Biocides and corrosion inhibitors can decrease corrosion in stagnant and flowing systems, like storage tanks and pipelines. We have used 1 ml syringe columns packed with 60 carbon steel beads (55 mg each), which were continuously injected with the effluent of an SRB continuous culture chemostat, to monitor corrosion under flow conditions. A constant flow rate of 0.5 ml/hr was maintained throughout. General corrosion rates (CRs) were determined after 45 days of flow by measuring the weight loss of acid-treated beads. Medium entering the chemostat contained sulfate (10 mM) and formate (20 mM) for the growth of SRB. Effluent of the chemostat with 5 mM sulfate, 5 mM sulfide and high numbers of SRB was then continuously injected into the syringe columns. CRs of beads in these columns were 0.1 mm/yr. Periodic biocide treatment (2 h of 300 ppm every 5 days at the same flow rate) decreased CRs on average by 60% for two of five biocides tested, indicating control of corrosion in the system. In contrast, a single exposure of the carbon steel beads to a water-dissolved corrosion inhibitor at the start of the experiment decreased CR by 50%, whereas single exposure to two diesel- dissolved corrosion inhibitors decreased CR by 90-98%.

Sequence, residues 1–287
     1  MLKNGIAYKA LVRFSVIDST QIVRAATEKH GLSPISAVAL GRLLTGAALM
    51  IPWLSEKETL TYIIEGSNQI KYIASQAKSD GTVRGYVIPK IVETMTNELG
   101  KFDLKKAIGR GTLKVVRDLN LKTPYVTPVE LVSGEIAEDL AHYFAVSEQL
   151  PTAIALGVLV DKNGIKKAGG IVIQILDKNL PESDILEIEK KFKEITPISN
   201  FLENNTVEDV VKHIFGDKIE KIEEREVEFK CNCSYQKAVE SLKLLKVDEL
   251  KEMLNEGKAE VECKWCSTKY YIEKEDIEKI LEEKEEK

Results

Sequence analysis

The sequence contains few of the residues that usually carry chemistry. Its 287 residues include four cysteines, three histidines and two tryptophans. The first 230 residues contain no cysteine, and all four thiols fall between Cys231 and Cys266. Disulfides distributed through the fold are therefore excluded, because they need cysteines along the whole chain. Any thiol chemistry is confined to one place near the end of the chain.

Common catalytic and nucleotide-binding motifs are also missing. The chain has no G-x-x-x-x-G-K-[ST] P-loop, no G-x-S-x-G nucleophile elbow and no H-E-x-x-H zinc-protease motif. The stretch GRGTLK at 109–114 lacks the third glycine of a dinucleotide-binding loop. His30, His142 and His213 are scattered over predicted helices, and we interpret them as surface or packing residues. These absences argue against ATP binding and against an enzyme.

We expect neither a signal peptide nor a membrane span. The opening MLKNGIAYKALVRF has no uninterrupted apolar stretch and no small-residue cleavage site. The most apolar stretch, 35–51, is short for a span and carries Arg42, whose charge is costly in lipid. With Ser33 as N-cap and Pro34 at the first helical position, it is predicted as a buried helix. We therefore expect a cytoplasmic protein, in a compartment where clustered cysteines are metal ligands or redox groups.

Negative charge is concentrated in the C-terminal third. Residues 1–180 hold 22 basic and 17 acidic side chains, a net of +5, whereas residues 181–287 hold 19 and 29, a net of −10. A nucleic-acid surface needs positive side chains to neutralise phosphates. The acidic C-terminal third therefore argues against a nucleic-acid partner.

The annual cost of internal corrosion in the oil and gas industry is significant and affects both stagnant (tanks) and flowing systems (pipelines)1,2. The involvement of microorganisms in this process is commonly referred to as microbially-influenced corrosion (MIC)3. Sulfate-reducing bacteria (SRB) are well known MIC agents, although other bacteria, e.g. acetogenic bacteria or other acid producing bacteria (APB) or methanogenic archaea can also be involved4,5. SRB act by producing sulfide, which reacts with steel in a chemical MIC (CMIC) mechanism, or by using iron directly as electron donor for sulfate reduction in an electrical MIC (EMIC) mechanism5. Like other forms of corrosion MIC can be prevented by the use of corrosion inhibitors or by the application of electrochemical methods, such as cathodic protection6,7. In addition, biocides are often used to kill SRB and other MIC-causing microorganisms8. A problem in killing corrosive bacteria is that these can be free-floating or part of the biofilm-scale attached to the tank or pipeline wall9. These are commonly referred to as the planktonic and sessile populations. The latter are often more difficult to kill because the surrounding biofilm- scale may not be easily penetrable by biocide10. Treatment of stagnant systems is inherently easier than that of flowing systems. The volumes of fluid in the latter are large and because biocide is expensive one has to choose between a continuous low dose of biocide or a high dose of limited duration, often referred to as a slug8. Injecting slugs of biocide into a flowing system is considered most efficient, because lower concentrations may not penetrate the biofilm-scale or may lead to a biocide-resistant biofilm11.